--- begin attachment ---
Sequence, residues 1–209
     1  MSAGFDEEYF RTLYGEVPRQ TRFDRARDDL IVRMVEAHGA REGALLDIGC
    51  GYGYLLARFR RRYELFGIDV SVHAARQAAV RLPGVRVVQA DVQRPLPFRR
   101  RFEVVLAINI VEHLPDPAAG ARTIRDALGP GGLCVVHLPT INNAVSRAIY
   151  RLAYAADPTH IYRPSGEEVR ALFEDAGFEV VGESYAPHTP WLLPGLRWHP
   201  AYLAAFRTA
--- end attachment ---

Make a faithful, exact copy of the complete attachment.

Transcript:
Sequence, residues 1–209
     1  MSAGFDEEYF RTLYGEVPRQ TRFDRARDDL IVRMVEAHGA REGALLDIGC
    51  GYGYLLARFR RRYELFGIDV SVHAARQAAV RLPGVRVVQA DVQRPLPFRR
   101  RFEVVLAINI VEHLPDPAAG ARTIRDALGP GGLCVVHLPT INNAVSRAIY
   151  RLAYAADPTH IYRPSGEEVR ALFEDAGFEV VGESYAPHTP WLLPGLRWHP
   201  AYLAAFRTA